By comparison， 19-year-old Zhao Tiange finds ordinary user reviews more believable on Xiaohongshu than on other sites. “There are both good and bad reviews， and they include photos and a detailed write-up， so you can tell theyve put some thought into it， instead of posting fake reviews or reviewing in bulk， [as] on Taobao，” she says.
Reviews also contribute to another aspect of Xiaohongshus success—peer pressure. In a 2017 survey by Greenpeace， 82 percent of respondents from first and second-tier cities stated they based their fashion decisions on what they see others wear; 72 percent admitted that social media influenced their shopping decisions， and 49 percent paid attention to celebrity endorsements.
For these reasons， some experts believe Xiaohongshu should still be classified as primarily a social media app， rather than e-commerce. “Without the social app， the e-commerce is nothing，” claimed branding expert Miro Li at a TechNode event dedicated to Xiaohongshu in Beijing in September. In contrast to networking features on e-commerce sites—such as Taobaos underused “Spaces，” where users could share photos and answer questions about their purchases—Xiaohongshus brand identity fosters a much tighter community， one that even goes by the nickname “Little Sweet Potatoes” （小紅薯， a homonym of Xiaohongshu）.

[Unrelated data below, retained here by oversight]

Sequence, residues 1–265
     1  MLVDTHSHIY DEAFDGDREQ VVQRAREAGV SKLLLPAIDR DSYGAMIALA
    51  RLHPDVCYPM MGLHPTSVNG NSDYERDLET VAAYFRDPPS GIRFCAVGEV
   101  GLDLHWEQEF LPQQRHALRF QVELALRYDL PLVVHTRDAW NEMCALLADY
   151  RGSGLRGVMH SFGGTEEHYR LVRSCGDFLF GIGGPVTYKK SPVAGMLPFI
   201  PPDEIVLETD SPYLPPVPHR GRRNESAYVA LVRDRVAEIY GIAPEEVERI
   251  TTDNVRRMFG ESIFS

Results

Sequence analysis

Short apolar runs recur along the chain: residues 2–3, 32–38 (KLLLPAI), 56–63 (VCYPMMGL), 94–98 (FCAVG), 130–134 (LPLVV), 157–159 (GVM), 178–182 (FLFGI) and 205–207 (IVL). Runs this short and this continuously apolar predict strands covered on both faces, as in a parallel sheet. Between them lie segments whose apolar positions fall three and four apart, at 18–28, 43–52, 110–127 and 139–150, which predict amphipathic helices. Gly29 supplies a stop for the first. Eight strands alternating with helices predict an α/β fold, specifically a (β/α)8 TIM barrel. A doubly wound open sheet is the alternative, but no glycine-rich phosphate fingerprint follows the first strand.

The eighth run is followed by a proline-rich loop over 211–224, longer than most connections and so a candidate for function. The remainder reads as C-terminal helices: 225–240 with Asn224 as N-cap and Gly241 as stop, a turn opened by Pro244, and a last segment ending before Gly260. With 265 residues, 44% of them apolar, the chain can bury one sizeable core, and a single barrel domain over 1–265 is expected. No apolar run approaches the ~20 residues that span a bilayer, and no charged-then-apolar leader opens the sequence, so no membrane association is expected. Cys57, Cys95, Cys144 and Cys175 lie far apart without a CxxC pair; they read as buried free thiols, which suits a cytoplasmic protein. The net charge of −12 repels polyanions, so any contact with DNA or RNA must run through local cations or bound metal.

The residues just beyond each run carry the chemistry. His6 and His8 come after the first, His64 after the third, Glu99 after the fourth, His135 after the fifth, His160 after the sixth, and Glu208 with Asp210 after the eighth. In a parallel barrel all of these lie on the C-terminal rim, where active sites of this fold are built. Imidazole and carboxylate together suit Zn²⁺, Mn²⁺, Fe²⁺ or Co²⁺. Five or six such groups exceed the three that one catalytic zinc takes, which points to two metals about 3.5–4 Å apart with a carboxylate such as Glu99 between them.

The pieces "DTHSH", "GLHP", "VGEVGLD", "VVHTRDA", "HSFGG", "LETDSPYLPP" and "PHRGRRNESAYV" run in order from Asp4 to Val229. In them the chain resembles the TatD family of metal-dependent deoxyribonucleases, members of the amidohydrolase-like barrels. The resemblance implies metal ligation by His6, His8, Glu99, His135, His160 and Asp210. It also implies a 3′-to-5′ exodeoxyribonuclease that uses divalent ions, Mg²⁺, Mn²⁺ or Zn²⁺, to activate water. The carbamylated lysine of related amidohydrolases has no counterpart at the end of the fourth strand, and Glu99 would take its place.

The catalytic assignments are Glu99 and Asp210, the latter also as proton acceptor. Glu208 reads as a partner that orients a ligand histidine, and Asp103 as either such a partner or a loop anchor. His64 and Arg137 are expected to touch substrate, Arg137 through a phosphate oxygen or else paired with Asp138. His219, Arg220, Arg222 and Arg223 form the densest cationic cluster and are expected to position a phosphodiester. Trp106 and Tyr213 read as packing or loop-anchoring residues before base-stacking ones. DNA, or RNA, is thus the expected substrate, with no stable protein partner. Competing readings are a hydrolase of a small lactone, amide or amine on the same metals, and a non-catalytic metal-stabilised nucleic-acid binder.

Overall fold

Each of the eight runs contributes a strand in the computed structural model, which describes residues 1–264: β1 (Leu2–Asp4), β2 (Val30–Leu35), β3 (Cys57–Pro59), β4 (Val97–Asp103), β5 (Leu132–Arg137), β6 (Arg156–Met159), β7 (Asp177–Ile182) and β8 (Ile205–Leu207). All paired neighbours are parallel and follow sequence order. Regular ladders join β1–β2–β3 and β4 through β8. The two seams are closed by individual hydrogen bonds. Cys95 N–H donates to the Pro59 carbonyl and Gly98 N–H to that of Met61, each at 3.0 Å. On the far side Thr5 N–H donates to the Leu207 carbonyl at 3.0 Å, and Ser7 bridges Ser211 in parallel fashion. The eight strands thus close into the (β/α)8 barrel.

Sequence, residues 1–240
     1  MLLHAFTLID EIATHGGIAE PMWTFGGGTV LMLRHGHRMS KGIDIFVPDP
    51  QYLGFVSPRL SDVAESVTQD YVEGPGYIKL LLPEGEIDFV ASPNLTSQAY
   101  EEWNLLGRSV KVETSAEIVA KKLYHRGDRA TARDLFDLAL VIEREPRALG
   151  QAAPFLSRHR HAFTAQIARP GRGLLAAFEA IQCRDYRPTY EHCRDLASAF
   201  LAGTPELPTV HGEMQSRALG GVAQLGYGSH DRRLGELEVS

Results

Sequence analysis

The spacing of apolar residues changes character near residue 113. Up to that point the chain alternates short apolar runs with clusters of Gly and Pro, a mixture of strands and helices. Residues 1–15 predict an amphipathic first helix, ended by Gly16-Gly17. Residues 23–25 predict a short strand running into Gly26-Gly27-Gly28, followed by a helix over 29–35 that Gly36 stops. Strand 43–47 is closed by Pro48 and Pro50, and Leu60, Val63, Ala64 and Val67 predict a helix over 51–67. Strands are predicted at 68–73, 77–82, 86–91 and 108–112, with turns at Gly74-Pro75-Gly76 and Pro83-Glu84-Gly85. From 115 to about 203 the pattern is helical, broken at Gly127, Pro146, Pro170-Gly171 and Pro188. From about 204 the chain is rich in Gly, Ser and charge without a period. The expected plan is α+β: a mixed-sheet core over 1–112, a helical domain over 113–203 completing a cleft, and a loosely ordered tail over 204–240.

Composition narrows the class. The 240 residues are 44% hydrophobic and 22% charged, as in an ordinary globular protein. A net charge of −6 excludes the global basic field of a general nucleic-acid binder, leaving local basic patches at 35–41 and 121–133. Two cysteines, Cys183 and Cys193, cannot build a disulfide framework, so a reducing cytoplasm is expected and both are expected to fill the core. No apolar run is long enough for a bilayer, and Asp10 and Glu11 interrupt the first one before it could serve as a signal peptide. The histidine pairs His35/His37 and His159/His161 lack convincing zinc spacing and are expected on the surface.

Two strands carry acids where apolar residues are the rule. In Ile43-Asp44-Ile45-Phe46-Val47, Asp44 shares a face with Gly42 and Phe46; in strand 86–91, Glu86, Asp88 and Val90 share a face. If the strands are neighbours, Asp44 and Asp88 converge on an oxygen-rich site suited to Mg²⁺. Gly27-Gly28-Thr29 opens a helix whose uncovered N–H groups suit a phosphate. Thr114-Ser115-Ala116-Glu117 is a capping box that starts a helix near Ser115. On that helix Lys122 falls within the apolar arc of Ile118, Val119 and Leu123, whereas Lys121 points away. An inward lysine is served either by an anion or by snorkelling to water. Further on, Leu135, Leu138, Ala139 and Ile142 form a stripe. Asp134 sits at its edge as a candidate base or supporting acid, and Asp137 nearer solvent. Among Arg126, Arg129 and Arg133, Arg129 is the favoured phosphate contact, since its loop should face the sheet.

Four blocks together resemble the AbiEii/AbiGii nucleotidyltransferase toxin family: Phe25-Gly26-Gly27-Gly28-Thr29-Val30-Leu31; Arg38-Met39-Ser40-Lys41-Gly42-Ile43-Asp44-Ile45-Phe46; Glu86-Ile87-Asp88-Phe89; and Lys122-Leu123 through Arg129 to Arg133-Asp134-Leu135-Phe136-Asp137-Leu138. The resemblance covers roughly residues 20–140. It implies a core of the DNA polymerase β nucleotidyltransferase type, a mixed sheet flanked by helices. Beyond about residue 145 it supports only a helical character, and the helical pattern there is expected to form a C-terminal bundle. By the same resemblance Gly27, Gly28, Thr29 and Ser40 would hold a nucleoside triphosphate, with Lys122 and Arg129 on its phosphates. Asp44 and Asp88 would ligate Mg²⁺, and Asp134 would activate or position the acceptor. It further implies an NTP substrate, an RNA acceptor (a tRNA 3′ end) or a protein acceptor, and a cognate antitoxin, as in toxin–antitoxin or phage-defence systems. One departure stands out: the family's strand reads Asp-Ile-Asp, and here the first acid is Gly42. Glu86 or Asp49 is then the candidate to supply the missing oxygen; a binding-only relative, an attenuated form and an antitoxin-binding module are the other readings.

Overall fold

“Xiaohongshu simply gives me a better feeling compared to Taobao，” declares Zhao. “Everyone on there is a regular person， and in the comment sections， its not like talking to a customer service representative， but more intimate. It makes you want to believe that the product is good.”
Yet an over-emphasis on social networking has its downsides. Li observed that Xiaohongshu still struggles to monetize its viral marketing prowess， as many simply use the app to browse， before buying the product elsewhere. Zhao， in spite of her professed trust in fellow “Potatoes，” is still suspicious of the companys sourcing practices， compared to more mainstream sites. “I heard there are knockoffs on Xiaohongshu， so Ive never bought anything there，” she admits. “I get their recommendations， then go to the flagship store on Taobao.”
Perhaps in an effort to level the playing field， Xiaohongshu has jumped headlong into the offline “new retail” arena. In June， it opened REDhome， a cashless boutique that competes with Taobao and JD.coms new brick-and-mortar stores. With its studio lighting and slick red-and-white color scheme， the Shanghai store has quickly become a favorite photo backdrop among the Sweet Potatoes.
“Its Shanghais photography mecca，” reads the top review for REDhome on Xiaohongshu. “Even selfies look like movies here.” Theres no mention of anything that the reviewer bought.